Every day brings a new bombshell revelation about President-elect Donald Trump and the Russians. And the people who tried to tell the world about it while it could have made a difference are still speaking out.

This week has seen some truly stunning revelations about President-elect Donald Trump and the help he received from the Russian government in securing his electoral victory, including allegations that Russia compromised Trump, and may have colluded with his associates in their campaign to influence the election.

Although Hillary Clinton has largely stayed out of public view since the election, her key aides are beginning to speak out about the looming potential crisis, and the alarm bells they tried to sound about it months ago.

Clinton Digital Director Jenna Lowenstein published this tweet following the new revelations:

The video to which she is linking could have been put on YouTube yesterday, but it is actually from mid-October, and presciently details the possibility that Russia might be trying to interfere with the U.S. election:

And of course Clinton herself issued a clear warning about Russian interference and her opponent’s relationship with Putin, during their final debate:

Watching that clip now, is it any wonder that Clinton’s team — and many of her supporters — are bothered (to put it mildly) that her urgent warning was not heeded?

It was one of a number of times Clinton, or members of her team, sounded the alarm, while the corporate media covered her email for 600 days, as though that were our most pressing national security concern.

Lowenstein is not the only Clinton staffer who no longer keeping silent: CNN reported on a number of former Clinton aides who are joining the chorus to remind the country that this should not be a surprise to anyone who was paying attention:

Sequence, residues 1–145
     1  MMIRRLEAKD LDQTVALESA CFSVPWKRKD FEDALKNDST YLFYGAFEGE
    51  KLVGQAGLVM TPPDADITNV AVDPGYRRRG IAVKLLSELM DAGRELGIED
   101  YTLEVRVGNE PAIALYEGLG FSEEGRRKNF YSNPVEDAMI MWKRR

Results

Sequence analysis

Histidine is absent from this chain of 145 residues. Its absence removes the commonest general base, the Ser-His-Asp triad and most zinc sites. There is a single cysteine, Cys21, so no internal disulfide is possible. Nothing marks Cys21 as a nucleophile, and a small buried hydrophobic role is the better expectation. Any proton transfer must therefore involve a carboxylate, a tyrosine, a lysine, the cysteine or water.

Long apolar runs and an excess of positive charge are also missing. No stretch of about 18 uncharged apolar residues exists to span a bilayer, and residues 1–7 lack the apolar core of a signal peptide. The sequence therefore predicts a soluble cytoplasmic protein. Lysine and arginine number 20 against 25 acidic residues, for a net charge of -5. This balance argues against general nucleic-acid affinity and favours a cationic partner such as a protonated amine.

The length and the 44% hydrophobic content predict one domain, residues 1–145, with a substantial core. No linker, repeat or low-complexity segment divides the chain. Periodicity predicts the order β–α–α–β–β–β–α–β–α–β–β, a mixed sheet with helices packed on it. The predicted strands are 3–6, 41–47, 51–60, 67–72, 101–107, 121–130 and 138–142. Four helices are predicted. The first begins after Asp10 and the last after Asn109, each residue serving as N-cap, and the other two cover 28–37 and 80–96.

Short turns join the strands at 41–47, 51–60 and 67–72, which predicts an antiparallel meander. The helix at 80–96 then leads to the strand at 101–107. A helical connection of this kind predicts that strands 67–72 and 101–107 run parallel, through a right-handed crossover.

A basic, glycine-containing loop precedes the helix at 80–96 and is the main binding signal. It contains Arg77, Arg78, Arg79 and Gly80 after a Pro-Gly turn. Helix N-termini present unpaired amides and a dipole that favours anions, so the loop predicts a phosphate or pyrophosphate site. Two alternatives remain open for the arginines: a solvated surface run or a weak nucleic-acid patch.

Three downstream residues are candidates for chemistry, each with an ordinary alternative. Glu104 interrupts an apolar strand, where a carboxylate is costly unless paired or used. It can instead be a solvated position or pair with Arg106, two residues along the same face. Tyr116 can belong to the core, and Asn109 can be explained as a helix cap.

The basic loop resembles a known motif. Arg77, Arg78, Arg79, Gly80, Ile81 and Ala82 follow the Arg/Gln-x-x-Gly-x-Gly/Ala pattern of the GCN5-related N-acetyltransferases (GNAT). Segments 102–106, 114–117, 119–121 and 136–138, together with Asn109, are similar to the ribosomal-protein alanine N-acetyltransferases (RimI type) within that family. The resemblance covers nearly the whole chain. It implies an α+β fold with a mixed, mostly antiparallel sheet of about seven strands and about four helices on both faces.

“It is frustration and disappointment that a lot of the indications of what is coming to light were out before the election but it didn’t get the focus and the attention that it deserved,” Jesse Ferguson, a former Clinton spokesman said, arguing that the content in leaked emails — controversies, perceived slights and other salacious details — were covered more closely than where the information was coming from.

“I haven’t been watching this thinking to myself, damn, I wish I had done this,” said one former Clinton aide. “I don’t want to sit here and be arrogant and say, ‘oh no, we did everything perfect.’ When you lose and when the story is not told, then there is always something you could have done different. But would it have changed the outcome? I don’t know.”

The aide added: “Frankly, I think the media blew it.”

Some former Clinton staffers are translating this frustration into action, the report continues:

The Democratic National Committee is building a “war room” to combat Trump led by Zac Petkanas, the Clinton campaign’s rapid-response director, and Adrienne Watson, a Clinton spokeswoman, and outside groups like American Bridge, an opposition research firm, have reorganized to rebuff the Republican president.

“I am heartened,” Petkanas said Wednesday, “that people are taking it seriously now and I think that it is better later than never.”

For those of us who have been warning and worrying about it for months, it can be frustrating to watch the stories about Trump and Russia grow and worsen almost every day. But it is good to know that Clinton campaign alumni are still hard at work on behalf of the nation’s security and democracy. As these revelations continue, and as Trump’s parade of disastrous nominees continues, that job only grows larger and more important.

Reminding people that we were right all along is not a matter of personal satisfaction for Clinton supporters; in fact, it is a decidedly unpleasant experience to watch our dire warnings materialize into reality. But it is a matter of demonstrating not just why our voices should have been listened to then, but ought to be heeded now and in the future. The corporate media that abetted Trump and Russia continue to prove that they are no more up to the task today than they were before Trump’s victory, and so we must be.

(Melissa McEwan contributed to this article.)